USGS EROS Archive - Radar - NASA SIR-C Guide

Science Center Objects

 NASA Spaceborne Imaging Radar-C (SIR-C) Guide

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Spaceborne Imaging Radar-C/X-band Synthetic Aperture Radar (SIR-C/X-SAR) was a joint project of the National Aeronautics and Space Administration (NASA), the German Space Agency (DARA) and the Italian Space Agency (ASI). An imaging radar system launched aboard the NASA Space Shuttle twice in 1994, SIR-C/X- SAR's unique contributions to Earth observation and monitoring were its capability to measure, from space, the radar signature of the surface at three different wavelengths and make measurements for different polarizations at two of those wavelengths. SIR-C image data will help scientists understand the physics behind some of the phenomena seen in radar images at just one wavelength/polarization, such as those produced by SeaSAT. Investigators on the SIR-C/X-SAR Science team will use the radar image data to make measurements of: Vegetation type, extent and deforestation; Soil moisture content; Ocean dynamics, wave and surface wind speeds and directions; Volcanism and tectonic activity; Soil erosion and desertification.

X-SAR provides single frequency (3.1 cm), single polarization (vertical) data and SIR-C provides multi-frequency, multi-polarization radar data. The SIR-C antenna was composed of two planar arrays, one for L-band (23.5 cm) and one for C-band (5.8 cm). Each array was composed of a uniform grid of dual- polarized microstrip antenna radiators, with each polarization port fed by a separate corporate feed network. These vertically- and horizontally-polarized transmitted waves were received on two separate channels so that images of the magnitude of radar backscatter were acquired in four polarization combinations: HH (Horizontally-transmitted, Horizontally-received), VV (Vertically-transmitted, Vertically-received), HV, and VH. Data was also acquired on the relative phase difference between the HH, VV, VH, and HV returns. By properly phasing the array, the beam could be electronically steered in the range direction up to 23 degrees from the nominal 40 degrees off nadir position without physically moving the antenna. The X-SAR antenna was mechanically tilted to angles between 15 and 60 degrees.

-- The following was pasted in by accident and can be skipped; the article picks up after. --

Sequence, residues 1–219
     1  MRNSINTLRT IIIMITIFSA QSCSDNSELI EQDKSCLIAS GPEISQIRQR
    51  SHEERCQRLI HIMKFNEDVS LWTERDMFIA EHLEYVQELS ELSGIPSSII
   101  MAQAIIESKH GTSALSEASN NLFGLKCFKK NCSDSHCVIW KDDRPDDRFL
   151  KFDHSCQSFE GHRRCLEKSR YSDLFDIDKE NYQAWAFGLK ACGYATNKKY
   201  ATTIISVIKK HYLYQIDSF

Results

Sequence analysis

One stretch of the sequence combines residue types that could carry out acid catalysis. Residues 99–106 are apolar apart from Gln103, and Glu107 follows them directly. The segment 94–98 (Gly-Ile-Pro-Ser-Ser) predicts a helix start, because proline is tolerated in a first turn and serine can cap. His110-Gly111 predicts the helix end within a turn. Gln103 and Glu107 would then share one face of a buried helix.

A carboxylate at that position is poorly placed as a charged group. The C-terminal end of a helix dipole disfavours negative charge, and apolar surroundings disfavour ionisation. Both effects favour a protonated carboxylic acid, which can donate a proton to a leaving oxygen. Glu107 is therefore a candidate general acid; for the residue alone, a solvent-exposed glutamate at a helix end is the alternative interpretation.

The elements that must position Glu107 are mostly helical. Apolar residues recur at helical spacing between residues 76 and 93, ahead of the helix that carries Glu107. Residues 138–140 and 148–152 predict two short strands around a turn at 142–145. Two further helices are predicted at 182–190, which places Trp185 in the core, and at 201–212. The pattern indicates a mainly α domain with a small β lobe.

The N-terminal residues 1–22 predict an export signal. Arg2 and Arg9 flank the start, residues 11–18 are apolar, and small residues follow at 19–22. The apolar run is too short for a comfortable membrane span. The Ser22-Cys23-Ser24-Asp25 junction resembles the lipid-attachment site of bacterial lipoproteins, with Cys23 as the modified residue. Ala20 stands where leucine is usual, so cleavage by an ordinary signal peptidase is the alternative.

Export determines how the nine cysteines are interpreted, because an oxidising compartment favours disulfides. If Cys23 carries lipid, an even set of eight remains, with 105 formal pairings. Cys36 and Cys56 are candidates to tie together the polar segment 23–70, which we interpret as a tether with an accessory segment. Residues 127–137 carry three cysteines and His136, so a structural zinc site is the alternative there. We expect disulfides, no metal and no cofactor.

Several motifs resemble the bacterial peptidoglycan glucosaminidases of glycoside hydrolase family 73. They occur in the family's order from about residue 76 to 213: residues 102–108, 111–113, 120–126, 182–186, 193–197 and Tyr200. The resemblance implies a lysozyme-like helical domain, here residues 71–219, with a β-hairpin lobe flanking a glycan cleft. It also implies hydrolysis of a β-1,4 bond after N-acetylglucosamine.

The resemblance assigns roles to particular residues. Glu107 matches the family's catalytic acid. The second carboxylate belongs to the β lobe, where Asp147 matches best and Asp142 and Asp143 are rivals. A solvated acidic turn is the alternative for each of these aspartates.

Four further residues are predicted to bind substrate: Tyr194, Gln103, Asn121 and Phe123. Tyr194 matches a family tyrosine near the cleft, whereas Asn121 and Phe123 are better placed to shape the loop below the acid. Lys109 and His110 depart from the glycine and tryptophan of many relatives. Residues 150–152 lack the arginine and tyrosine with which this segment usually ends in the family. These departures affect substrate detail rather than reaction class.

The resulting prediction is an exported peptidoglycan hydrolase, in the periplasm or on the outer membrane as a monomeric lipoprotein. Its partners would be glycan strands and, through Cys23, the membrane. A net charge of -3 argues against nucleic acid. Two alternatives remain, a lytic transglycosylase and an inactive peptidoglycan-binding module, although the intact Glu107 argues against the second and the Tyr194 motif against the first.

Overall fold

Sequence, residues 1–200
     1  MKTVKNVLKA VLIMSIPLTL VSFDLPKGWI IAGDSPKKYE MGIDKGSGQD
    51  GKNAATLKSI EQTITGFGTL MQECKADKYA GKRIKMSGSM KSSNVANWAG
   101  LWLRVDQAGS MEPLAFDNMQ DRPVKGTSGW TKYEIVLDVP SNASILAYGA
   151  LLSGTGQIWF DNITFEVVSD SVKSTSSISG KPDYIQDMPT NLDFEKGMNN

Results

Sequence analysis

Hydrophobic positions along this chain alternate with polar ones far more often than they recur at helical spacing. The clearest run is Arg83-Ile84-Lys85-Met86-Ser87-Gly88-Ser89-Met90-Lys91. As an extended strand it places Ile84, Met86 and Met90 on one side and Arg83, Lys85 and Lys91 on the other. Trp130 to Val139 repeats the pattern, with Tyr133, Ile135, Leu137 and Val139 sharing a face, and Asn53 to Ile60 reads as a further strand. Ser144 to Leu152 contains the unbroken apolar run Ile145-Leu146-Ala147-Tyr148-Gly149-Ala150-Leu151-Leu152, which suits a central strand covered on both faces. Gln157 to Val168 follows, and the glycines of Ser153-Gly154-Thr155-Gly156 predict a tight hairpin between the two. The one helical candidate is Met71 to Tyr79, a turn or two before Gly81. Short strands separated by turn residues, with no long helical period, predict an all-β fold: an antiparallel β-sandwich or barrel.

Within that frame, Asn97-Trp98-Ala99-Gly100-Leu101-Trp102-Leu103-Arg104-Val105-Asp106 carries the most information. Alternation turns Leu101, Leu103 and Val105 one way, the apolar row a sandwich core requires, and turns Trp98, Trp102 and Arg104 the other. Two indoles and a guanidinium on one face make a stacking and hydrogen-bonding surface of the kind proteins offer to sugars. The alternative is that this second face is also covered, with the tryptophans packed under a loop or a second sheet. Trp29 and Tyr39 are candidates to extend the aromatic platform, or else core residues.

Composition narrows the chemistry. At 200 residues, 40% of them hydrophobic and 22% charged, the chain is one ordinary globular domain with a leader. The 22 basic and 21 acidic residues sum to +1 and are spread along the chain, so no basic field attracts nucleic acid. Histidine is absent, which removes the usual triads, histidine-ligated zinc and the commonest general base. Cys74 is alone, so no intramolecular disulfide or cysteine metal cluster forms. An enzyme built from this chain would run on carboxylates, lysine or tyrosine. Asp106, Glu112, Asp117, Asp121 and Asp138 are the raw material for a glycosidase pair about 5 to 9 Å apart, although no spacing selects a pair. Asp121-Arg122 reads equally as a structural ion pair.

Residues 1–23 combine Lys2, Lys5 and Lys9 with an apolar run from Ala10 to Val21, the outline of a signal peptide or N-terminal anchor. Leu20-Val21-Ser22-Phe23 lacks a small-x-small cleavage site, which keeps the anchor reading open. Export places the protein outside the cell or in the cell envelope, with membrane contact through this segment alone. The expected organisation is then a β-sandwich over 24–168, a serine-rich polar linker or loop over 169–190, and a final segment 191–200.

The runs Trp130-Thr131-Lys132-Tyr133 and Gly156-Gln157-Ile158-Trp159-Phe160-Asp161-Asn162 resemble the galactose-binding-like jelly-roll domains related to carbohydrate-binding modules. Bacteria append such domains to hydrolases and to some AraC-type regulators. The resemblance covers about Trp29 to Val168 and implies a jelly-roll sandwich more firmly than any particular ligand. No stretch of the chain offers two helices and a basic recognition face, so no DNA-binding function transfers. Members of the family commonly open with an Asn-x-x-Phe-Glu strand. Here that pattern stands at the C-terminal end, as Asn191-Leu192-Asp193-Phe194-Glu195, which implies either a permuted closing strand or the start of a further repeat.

Both SIR-C and X-SAR could be operated as either stand alone radars or together. Roll and yaw maneuvers of the shuttle will allow data to be acquired on either side of the shuttle nadir (ground) track. The width of the imaged swath on the ground varies from 15 to 90 kilometers (9 to 56 miles) depending on the orientation of the antenna beams and the operational mode. The data collected was processed into images with resolution selectable from 10 to 200 meters.

Two types of image products were produced by the ground data processing systems: the Survey product and the Precision (Standard) product. JPL was originally responsible for Survey and Precision processing of the SIR-C data, while ASI was responsible for Survey processing of the X-SAR data. Precessing processing of the X-SAR data was shared between the ASI and the DLR. The Precision product is a frame image of a subset of the data take (swath). Only a small percentage of the acquired data has been processed into Precision products.

All science data were processed into Survey products. The Survey product is intended as a "quick look" browsing tool for viewing the areas imaged by SIR-C/X-SAR. It is not designed to be used for quantitative scientific analysis. The Survey product is a strip image of the entire data take (swath) with the following properties:

  • four-look detected (SIR-C)
  • eight-look detected (X-SAR)
  • ground range
  • 50 m pixel spacing
  • approximately 100 m resolution
  • L-Band or C-Band single radar channel

Additional Information

Access Data

As of June 2005, unprocessed precision and interferometry data is no longer available from the EROS archive as the SIR-C processor is inoperable and not repairable. Repair parts and maintenance support of critical system components are no longer available to continue SIR-C system operations.

Precision and interferometry data that has been previously processed can be downloaded through EarthExplorer.